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            QTc: how long is too long?

            Congenital long QT syndrome (LQTS) affects an estimated 1 in 2500 people and typically presents with syncope, seizures or sudden death. Whereas someone exhibiting marked prolongation of the QT interval with QTc exceeding 500 ms who was just externally defibrillated from torsades de pointes while swimming poses negligible diagnostic challenge as to the unequivocal probability of LQTS, the certainty is considerably less for the otherwise asymptomatic person who happens to host a QTc value coined "borderline" (QTc > or = 440 ms). Although a normal QT interval imparts a much lower risk of life-threatening events, it does not preclude a patient from nevertheless harbouring a potentially lethal LQTS-causing genetic mutation. Indeed, genetic testing exerts significant diagnostic, prognostic and therapeutic implications. However, the 12-lead ECG remains the universal initial diagnostic test in the evaluation of LQTS and is subject to miscalculation, misinterpretation and mishandling. This review discusses the components of accurate QTc measurement and diagnosis, re-examines what is known about factors affecting QT interval measurement, and clarifies current recommendations regarding diagnosis of so-called "borderline" QT interval prolongation. The current guideline recommendations for the athlete with LQTS are also summarised.
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              Thyrotoxicosis and the heart.

              This review examines the molecular mechanisms by which thyroid hormone affects the cardiovascular system in naturally occurring thyroid disease states. The potential utility of thyroid hormone therapy in the management of patients with various forms of cardiovascular disease is also discussed.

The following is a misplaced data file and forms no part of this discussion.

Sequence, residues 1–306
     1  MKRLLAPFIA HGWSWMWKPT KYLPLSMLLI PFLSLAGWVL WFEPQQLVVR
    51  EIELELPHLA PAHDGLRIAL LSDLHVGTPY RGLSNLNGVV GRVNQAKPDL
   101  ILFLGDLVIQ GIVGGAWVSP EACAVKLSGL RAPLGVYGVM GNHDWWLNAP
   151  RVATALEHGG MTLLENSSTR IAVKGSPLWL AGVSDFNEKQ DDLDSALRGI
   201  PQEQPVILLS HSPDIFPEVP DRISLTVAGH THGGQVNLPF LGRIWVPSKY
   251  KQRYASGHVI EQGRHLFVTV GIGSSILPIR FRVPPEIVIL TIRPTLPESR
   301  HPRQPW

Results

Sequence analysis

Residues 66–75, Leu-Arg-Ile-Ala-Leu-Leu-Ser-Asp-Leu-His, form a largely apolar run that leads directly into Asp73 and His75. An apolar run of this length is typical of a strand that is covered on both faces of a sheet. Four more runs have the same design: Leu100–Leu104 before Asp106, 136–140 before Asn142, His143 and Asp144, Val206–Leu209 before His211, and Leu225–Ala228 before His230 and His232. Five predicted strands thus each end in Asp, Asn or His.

Author and article information

                Korean J Pediatr
                Korean J Pediatr
                Korean Journal of Pediatrics
                The Korean Pediatric Society
                July 2015
                22 July 2015
                : 58
                : 7
                : 263-266
                Department of Pediatrics, Hallym University College of Medicine, Chuncheon, Korea.
                Author notes
                Corresponding author: Phil Soo Oh, MD. Department of Pediatrics, Hallym University College of Medicine, 1 Hallimdaehak-gil, Chuncheon 200-702, Korea. Tel: +82-33-240-5169, Fax: +82-33-255-6244, ohphilia@ 123456unitel.co.kr
                Copyright © 2015 by The Korean Pediatric Society

                This is an open-access article distributed under the terms of the Creative Commons Attribution Non-Commercial License ( http://creativecommons.org/licenses/by-nc/3.0/) which permits unrestricted non-commercial use, distribution, and reproduction in any medium, provided the original work is properly cited.

                Original Article


                hyperthyroidism, long qt syndrome, cardiac arrhythmias